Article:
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For the general passenger it wouldn’t be that different, they won’t even notice it. Maybe for the staff and avgeeks, but that aren’t many compared to how much people fly every day. The B737 and A320 burn almost the same amount of fuel, it depends which manufacturer offers the best deal (not only the price, also maintenance costs, interior options, crew training). Potentially, bigger Embraers or the A220 could be an option for carriers flying point-to-point on low demand routes, but the 180-200 seats aircraft are simply the best for low cost carriers like Southwest, Spirit and Ryanair.

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Back in the 70’s. Southwest Airlines had a 727 in there fleet.

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Back in the days Ryanair used to operate an ATR-45…( amoungst others) …however as shown above part of the LoCo’s business model is to operate an one type fleet to save on crew and maintenance training. Also whilst SouthWestern operates a few older models, most LoCos will have brand new aircraft, again saving on maintenance but also improving fuel consumption.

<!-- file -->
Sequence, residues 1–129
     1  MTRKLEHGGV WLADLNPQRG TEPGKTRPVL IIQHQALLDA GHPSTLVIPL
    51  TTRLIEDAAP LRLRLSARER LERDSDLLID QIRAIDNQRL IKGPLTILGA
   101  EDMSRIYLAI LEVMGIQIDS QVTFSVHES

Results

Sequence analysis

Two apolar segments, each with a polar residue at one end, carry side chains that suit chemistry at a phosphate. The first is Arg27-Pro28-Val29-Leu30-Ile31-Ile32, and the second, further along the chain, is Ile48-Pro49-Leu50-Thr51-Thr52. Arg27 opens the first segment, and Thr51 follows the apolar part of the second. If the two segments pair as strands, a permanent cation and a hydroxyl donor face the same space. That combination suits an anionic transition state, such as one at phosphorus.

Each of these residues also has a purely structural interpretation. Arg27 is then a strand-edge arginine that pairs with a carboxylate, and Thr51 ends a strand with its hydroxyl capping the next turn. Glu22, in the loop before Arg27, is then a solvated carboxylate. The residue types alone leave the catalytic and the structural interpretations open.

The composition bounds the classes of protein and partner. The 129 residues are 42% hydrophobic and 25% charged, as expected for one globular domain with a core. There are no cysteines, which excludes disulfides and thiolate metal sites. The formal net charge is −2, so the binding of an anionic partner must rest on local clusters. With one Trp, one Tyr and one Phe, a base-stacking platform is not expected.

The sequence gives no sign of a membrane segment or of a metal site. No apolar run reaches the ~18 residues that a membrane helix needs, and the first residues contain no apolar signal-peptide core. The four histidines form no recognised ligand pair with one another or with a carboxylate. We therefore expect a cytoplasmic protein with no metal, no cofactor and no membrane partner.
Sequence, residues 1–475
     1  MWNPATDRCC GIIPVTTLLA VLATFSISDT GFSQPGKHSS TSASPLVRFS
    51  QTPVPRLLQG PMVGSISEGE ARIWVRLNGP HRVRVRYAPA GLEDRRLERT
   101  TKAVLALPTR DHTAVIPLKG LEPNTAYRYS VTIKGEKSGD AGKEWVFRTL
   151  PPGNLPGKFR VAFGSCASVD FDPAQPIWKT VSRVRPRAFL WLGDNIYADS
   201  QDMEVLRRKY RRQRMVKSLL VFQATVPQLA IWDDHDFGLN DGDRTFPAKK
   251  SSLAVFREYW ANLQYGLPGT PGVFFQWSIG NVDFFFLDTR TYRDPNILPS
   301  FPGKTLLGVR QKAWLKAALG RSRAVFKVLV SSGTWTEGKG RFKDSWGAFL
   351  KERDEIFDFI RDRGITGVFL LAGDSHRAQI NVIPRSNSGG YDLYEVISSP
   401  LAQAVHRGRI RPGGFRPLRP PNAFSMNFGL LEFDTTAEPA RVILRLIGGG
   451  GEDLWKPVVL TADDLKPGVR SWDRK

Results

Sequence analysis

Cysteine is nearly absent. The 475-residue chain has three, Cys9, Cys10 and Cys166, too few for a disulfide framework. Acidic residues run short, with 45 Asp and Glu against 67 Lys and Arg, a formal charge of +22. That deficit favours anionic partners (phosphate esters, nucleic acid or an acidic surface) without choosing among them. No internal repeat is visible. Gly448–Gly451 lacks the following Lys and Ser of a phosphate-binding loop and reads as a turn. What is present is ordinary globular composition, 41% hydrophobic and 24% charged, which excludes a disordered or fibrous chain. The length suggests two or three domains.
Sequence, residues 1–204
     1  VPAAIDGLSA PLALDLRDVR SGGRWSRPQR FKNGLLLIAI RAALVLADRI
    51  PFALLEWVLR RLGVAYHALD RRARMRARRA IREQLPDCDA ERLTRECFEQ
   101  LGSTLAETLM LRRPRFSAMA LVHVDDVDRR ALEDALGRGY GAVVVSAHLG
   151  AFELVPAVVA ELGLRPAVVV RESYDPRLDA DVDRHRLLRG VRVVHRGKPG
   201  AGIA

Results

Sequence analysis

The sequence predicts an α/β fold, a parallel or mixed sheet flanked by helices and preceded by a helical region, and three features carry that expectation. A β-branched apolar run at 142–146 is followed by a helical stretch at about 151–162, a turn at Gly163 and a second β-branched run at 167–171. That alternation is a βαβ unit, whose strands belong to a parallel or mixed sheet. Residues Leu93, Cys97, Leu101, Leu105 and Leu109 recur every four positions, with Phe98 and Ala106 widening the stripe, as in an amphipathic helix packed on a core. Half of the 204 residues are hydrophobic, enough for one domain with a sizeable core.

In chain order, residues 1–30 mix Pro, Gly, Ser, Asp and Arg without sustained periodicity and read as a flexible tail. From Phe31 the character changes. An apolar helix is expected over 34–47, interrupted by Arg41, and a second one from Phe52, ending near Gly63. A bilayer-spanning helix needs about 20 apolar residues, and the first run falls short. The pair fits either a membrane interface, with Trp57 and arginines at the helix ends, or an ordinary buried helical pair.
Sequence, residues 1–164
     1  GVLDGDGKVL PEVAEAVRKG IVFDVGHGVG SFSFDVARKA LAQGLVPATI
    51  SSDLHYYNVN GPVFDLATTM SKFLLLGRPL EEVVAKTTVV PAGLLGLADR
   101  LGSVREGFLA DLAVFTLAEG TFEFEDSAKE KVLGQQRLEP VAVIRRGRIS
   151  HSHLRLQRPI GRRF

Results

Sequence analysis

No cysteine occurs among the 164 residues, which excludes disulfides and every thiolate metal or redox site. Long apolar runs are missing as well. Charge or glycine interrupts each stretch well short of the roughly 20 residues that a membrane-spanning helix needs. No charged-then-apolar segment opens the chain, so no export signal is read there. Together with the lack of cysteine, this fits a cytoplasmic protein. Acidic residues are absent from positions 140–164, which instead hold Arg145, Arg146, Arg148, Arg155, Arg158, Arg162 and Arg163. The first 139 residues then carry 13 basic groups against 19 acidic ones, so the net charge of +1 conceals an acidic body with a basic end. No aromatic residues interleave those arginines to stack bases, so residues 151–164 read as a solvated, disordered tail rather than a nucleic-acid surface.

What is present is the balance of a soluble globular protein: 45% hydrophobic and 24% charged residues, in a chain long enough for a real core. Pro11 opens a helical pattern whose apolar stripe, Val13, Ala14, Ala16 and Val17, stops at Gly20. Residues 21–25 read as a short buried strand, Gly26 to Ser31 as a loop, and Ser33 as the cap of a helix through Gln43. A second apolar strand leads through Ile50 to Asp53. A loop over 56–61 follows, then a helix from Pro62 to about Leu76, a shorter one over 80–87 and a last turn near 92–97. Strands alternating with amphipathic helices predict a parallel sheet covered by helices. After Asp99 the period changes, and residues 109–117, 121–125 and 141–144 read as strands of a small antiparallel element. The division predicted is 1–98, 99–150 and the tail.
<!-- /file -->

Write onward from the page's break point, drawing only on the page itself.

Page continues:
A good topic by the way! Lots of god discussing

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Southwest actually did threaten boeing by saying they’d switch to Airbus unless Boeing made a new 737. It’s one of the reasons Boeing went to develop the MAX.

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Wow, Airlines can be very aggresive😂. (I find that extremely hilarious).

Does the 737 perform better on short field ops? Because I know SWA flies out of smaller fields. Can the A320 family perform better out of some of the airports SWA fly to?

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The 737 typically handles better on shorter runways, as far as I know.